The Sony Entertainment/PlayStation Network is utilised via Wifi in Versus Mode for either 1 Vs 1 Kombat or for tag team matches, and just to really take the mick you can also battle wirelessly in an Ad-Hoc mode against someone closeby, bypassing the use of the internet. Fortunately to give you a chance there is also a training mode, which features a tutorial, fatality tutoral, practice sessions and tag team practice sessions.
Now it’s pretty comprehensive already gameplay wise and makes an awful lot of other beat ’em up games look spartan to say the least. Then you discover why you are being awarded MK Koins…
The Krypt is where you use the Koins to break open headstones in a graveyard (and, err… “break open” other things that I am not mentioning here in case there are any under 18’s reading) and thus be awarded extra content. This can take the form of artwork and music tracks you view in the gallery within the Nekropolis, as in game unlocks such as secondary fatalities moves for each character.
Actually in the game, you start off thinking… yep normal beat ’em up. The usual set up of beat ’em ups, a little more developed from the days of Way Of The Exploding Fist and IK+, using button combinations for special moves and move combinations to trigger further special moves and effects is in full force in the brutal style that Mortal Kombat is famous for (and originally forced the USA to actually have a rating system on their games). In fact I think the only beat ’em up in history could be regarded as being more adult, the game in question being Captial Punishment that came out right at the end of the natural life of the classic Amiga machines, down to it having brutality, MK style, mixed with sexual content, but I digress.
I shall not go into too much detail but along with fireballs, energy blasts, staff weapons there are plenty of weapons with blades and points resulting in plenty of claret all over the shop, all with the added zest of the exclaimation “Get Over Here!” as more gore hits the floor (along with the bodies). Oh, but the filling super bar at the bottom… what is that for, you ponder..? Once full, the term X-ray goads you into hitting your two shoulder buttons and an automatic combination of moves is implemented by your character. If you time it right, the distance is right and the opponent either is too dazed to notice or otherwise doesn’t block or dodge just at the right time, one of the combo points being landed just so initiates one of the move combos that the character is known for. Only this time, and unlike all the other games before it, you see the effect of the attack on the skeleton and internal organs of your poor victim, ahem, I mean, opponent due to an x-ray type view. Which is rather funny when you are sitting next to someone who is studying human physiology and they glance over at the right moment. Plus trust me, Johnny Cage dropping into his trademark splits to deliver a blow to his opponents gentleman’s area and implying the impacting of his crown jewels is the least eye watering of the vistas.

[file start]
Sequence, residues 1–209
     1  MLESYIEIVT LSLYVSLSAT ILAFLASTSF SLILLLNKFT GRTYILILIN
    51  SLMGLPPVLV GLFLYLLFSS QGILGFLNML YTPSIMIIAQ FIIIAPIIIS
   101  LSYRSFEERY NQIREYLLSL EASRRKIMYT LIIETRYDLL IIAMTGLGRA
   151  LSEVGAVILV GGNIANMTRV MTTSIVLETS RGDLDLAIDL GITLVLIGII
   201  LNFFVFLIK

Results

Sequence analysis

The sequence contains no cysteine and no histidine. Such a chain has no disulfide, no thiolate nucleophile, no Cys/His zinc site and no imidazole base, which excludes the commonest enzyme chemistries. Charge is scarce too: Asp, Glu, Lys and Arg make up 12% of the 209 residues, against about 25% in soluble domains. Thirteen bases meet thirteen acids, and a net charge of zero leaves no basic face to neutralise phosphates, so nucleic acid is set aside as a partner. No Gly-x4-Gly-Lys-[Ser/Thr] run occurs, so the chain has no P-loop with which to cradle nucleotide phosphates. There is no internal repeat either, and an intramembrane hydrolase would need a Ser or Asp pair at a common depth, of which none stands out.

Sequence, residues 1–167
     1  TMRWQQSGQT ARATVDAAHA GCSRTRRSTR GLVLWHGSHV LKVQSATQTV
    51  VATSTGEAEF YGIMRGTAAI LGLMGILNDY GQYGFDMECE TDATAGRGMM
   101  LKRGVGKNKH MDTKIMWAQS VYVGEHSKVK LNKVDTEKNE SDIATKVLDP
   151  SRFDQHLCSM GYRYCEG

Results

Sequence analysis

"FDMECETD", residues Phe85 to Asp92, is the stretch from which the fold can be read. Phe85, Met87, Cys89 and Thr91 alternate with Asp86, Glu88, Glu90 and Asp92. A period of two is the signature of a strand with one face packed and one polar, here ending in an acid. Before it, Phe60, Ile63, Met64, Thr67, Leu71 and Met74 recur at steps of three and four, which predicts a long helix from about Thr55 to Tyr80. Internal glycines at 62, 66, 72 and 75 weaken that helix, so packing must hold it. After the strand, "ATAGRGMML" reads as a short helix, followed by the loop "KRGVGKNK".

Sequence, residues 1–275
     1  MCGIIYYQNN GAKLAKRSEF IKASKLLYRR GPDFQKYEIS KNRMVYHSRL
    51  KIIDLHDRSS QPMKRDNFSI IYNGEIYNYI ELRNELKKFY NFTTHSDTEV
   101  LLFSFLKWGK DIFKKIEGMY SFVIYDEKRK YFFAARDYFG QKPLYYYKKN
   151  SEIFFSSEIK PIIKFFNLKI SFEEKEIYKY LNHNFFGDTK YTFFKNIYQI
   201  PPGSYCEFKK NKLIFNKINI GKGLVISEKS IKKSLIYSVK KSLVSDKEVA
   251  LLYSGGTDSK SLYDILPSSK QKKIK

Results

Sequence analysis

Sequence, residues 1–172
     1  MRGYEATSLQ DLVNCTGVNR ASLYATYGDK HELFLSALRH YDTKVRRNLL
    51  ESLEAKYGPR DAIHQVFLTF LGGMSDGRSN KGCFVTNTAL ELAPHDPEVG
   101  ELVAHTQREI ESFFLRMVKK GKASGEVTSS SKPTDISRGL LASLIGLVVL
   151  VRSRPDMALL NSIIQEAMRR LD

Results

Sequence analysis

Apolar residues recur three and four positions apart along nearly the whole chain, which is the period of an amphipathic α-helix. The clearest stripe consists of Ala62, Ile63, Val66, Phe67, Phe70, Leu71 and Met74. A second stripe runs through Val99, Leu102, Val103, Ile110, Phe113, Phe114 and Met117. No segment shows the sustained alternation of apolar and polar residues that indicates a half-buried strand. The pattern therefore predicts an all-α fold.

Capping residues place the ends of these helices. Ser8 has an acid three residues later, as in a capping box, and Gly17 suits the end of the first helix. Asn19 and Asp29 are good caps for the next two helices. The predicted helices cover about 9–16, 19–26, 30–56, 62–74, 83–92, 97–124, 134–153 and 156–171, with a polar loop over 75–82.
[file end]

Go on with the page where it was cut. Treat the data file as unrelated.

The crux of the matter however is the fact that the in-bout gameplay is fluid, it’s fun and it certainly has that addictive just-one-more-go quality. The music and soundscape is far beyond suitable for purpose be it the sound of a splintering bone or the rather eerie thematic music of a dark fighting arena, with only the odd music track seeming out of place. Graphically it isn’t quite as good as the PS3 version, but considering it is on a handheld, and is giving you a graphical experience that no mobile phone, or other handheld, 3DS most definitely included, cannot approach, let alone beat. In fact I swear the graphics have improved since the original Vita card (regardless that the game information says V1.00) as I recall thinking that the graphical quality drop from the cut scenes to the actual gameplay was drastic, but this appears to no longer be the case with the transition being far more smooth.
The game is not perfect, and the inability to skip past the cut scenes between bouts in the story mode is infernally annoying, especially as they tend to be longer than the fights themselves, if you have the hang of things! It’s also a shame that support for Near isn’t included as being able to unlock extras in the Nekropolis over Near would be a nice addition. It certainly isn’t to everyones taste, and the various modes offer variety though if this was the first game in the series (from 1992/3) the rosta of 9 characters would restrict it somewhat.
Luckily this isn’t actually based on the 2011 Mortal Kombat (9) release for the PS3, which had far more than 9 characaters. It’s more like the 2012 Komplete Edition as the DLC characters are included – those being Skarlet, Kenshi, Rain and Freddy Kruger (yes as in Nightmare on Elm Street Freddy). With the PlayStation exclusive Kratos playable character (as in God of War Kratos), the character rosta is a rather impressive, if not a little ridiculous, 32. Oh and they pretty much all have extra costumes, as you may expect.
Suffice to say at £35-40 it was the best beat ’em up on a hand held. As a download for less it’s a steal. If you have PlayStation Plus and you’re over 18, you frankly have no excuse not to have it on your memory card, assuming it’s still available when you read this as a freebie in the instant game collection. Well unless you hate beat ’em ups… or gore. Very highly recommended.
At A Glance
- Title: Mortal Kombat
- Publisher: Warner Bros Games
- System: PS Vita
- Format: PS Vita Card / PSN Download
- Cross Buy: No
- Cross Play: No
- Online Multiplayer: Yes
- Local Ad-Hoc Multiplayer: Yes
- Memory Card Space Needed: 3,066Mb (for PSN Download version)